Prezza is projected into perpetual motion

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Indy Politics
Tony was there, obviously. Gordon was there. David Blunkett was present. Even Margaret Beckett had been allowed on to the platform of Labour's first election press conference (though she didn't say anything). But where was John Prescott, Labour's folk hero?

All we had (among our bundle of press releases) was an ominous bit of paper telling us that Prezza had - that morning - "set out on a 10,000- mile round-Britain election tour - the biggest tour by an individual politician in election history".

Tongues wagged as we waited for the event to begin. Was Prescott - like Gerald Kaufman in 1992 - being shunted out of the limelight, deemed too dangerous to leave at large in the capital?

Worse, the release went on to state that "the first leg of the tour will finish in Inverness in late April". The first leg? Late April? But the election is on 1 May, so did this mean that Prezza was to be kept in perpetual (but harmless) motion throughout the next Labour government, commencing visits to African and Central American capitals only when he had exhausted the constituencies of Britain? (Had interpreters all over the world been warned of the syntactical nightmare coming their way?)

But before the Prezza lovers among us had time to protest, a button was pressed and a giant screen in the centre of the white hacienda wall opened up.

We were transported to a scene out of Songs of Praise. Standing on a windy dock -- the river Fal and the low hills of Cornwall behind them - was a group of middle-aged happy clappies, gathered round their thick- set and avuncular pastor.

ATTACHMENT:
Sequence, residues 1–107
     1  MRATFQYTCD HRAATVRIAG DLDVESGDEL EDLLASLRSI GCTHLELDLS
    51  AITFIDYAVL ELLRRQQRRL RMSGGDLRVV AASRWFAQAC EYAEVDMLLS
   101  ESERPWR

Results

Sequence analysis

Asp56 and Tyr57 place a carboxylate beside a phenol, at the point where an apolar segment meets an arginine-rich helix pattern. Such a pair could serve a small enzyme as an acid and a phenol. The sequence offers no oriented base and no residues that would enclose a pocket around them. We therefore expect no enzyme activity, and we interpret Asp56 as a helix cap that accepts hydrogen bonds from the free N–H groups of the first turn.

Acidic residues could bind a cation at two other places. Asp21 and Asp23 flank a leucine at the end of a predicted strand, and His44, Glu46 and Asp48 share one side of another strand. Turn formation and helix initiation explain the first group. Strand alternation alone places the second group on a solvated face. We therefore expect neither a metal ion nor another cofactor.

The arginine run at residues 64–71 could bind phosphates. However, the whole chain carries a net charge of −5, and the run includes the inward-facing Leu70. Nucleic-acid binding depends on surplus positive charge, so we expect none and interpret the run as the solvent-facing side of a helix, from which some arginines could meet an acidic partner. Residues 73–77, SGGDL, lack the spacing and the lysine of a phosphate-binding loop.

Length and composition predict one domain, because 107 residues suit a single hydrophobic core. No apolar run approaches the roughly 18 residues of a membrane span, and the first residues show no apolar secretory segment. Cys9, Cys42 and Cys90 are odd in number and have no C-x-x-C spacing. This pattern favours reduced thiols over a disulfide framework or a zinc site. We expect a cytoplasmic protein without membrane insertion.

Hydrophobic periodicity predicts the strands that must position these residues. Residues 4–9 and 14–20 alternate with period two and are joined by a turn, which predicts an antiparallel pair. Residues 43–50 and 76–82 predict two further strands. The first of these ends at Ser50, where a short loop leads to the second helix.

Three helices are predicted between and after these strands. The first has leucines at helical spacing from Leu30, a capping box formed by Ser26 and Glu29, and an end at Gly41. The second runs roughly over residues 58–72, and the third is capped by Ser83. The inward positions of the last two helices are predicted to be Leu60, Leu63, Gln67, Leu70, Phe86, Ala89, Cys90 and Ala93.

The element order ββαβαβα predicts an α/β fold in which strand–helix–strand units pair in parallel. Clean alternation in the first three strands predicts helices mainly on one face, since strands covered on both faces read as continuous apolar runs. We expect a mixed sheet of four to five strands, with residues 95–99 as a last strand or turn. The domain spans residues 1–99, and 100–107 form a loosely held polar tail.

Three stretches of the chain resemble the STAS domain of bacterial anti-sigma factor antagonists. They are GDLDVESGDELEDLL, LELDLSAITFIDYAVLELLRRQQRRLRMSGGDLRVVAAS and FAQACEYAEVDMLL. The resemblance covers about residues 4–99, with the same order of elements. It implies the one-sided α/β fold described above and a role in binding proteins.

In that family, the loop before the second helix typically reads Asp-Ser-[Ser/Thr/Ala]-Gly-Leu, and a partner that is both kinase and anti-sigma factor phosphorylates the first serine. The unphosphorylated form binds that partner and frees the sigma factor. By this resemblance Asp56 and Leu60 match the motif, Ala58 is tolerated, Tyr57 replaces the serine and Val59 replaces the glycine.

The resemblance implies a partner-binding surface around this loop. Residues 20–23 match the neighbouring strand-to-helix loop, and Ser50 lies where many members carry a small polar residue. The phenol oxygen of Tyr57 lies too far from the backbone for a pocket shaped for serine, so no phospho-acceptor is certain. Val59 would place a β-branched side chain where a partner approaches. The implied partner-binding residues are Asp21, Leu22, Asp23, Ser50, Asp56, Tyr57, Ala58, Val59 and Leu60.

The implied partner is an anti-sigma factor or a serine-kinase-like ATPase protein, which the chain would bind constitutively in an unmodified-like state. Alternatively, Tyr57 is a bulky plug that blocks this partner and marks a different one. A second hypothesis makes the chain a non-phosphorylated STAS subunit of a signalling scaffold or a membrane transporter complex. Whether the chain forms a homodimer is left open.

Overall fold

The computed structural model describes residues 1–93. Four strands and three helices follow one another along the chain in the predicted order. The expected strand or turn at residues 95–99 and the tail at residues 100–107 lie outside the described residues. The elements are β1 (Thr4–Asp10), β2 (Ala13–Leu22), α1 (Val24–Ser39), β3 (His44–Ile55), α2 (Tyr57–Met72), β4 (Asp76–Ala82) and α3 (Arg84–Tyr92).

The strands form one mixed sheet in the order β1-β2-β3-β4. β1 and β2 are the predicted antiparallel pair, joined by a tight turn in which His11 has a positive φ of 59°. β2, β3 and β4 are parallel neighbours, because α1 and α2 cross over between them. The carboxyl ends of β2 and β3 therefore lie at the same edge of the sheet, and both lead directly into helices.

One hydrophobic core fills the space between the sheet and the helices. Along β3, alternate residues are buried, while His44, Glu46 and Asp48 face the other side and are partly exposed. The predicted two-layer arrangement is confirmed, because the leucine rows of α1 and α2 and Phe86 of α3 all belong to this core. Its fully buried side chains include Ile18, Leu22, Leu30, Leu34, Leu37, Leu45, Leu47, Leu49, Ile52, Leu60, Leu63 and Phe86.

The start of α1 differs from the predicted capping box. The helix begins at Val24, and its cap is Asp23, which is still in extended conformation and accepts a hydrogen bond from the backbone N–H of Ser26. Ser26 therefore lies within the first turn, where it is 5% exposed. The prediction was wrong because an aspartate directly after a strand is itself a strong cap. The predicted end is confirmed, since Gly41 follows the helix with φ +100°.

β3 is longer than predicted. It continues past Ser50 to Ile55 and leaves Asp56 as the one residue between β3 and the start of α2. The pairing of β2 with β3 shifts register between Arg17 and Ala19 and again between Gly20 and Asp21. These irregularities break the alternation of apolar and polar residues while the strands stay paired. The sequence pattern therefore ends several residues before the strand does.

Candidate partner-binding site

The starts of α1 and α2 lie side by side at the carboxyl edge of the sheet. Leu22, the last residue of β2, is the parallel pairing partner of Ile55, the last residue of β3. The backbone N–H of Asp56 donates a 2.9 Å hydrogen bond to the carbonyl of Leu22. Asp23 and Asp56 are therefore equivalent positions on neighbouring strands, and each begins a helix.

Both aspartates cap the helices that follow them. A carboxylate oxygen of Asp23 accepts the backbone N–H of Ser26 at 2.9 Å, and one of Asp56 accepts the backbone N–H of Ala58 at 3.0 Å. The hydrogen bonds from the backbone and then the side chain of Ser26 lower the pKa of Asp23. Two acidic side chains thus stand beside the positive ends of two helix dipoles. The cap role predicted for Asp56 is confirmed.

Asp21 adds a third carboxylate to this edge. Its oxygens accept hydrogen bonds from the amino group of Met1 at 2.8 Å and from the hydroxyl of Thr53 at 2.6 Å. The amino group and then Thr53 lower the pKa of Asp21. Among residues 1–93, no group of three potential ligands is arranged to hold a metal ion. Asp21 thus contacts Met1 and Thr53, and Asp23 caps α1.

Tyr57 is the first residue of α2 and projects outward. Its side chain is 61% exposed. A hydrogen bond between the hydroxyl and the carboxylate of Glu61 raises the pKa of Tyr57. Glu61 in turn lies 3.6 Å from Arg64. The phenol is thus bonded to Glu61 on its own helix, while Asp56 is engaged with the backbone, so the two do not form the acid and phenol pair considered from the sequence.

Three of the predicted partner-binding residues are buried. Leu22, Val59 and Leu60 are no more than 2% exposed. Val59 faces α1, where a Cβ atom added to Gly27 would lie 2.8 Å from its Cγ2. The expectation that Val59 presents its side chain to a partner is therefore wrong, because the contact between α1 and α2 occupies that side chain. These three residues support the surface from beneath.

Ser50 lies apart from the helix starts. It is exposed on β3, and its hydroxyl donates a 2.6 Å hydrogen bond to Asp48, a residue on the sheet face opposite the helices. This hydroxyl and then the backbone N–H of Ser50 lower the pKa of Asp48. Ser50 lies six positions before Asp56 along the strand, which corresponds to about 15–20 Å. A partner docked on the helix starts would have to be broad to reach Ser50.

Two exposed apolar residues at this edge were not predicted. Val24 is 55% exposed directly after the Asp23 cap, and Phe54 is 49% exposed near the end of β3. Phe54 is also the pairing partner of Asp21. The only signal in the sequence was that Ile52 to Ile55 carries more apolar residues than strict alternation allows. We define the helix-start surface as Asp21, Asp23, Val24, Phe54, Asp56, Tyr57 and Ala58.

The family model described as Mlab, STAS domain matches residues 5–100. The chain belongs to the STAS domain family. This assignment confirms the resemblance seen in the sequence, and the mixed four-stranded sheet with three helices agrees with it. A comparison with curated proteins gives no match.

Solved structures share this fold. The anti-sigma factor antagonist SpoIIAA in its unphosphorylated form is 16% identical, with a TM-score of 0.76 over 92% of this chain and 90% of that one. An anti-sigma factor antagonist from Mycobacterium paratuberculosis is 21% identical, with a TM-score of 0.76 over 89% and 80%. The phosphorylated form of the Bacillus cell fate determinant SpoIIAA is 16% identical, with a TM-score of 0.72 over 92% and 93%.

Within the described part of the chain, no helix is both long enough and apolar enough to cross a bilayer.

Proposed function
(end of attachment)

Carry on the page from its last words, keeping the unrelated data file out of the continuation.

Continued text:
Any minute, at his gentle command, they'd break into a rendition of "All Things Bright and Beautiful", which we at home could hum over our press releases.

"Hello John," said Tony fondly, and the thick-set vicar smiled craggily and responded, "Hello Tony". It was, of course, John Prescott, embarked upon his tour. Gathered around him, he had a group of "ordinary" Falmouthians - whose common hobby just happened to be catapulting Labour into power as soon as possible. Prezza was vicar no longer. But as he interviewed the locals live with an aplomb that would have done justice to an insert into the National Lottery programme or the Eurovision Song Contest, he became a genuine, scowly-smiley TV star; a cross between Anthea Turner and Les Dawson.

Like the moment when he introduced a man in a chef's costume, who was sporting a gigantic pasty on a huge salver. It was, the chef told us, his contribution to the Labour Party. Our hearts were in our mouths; was it not possible that a Tory dirty tricks Tarquin had got to the man in white coat, and bribed him to give Prezza a pasty shampoo in front of the world's press?

But no. The happy clappies clapped happily, and Prezza did a short chaotic homily on local unemployment "in the 18 to 25 years", before introducing a man "oo lives next door to Zeb Coe", but was nevertheless voting Labour.

Such folk - asked their opinion on camera - usually grunt into the hoods of their parkas. But not Seb's neighbour. With a practised turn to camera this chap reeled off a list of emotional reasons why he wanted Coe out and Labour in, involving his children, his grand-children, his collie Petra, and the starving of the world. And all without a script.

With that, Prezza (now headed for Plymouth and Exeter) handed back to Tony in the London studio. "My thanks, John!" said the Leader. "Cheerio, Tony!" said Prezza. It was a knockout.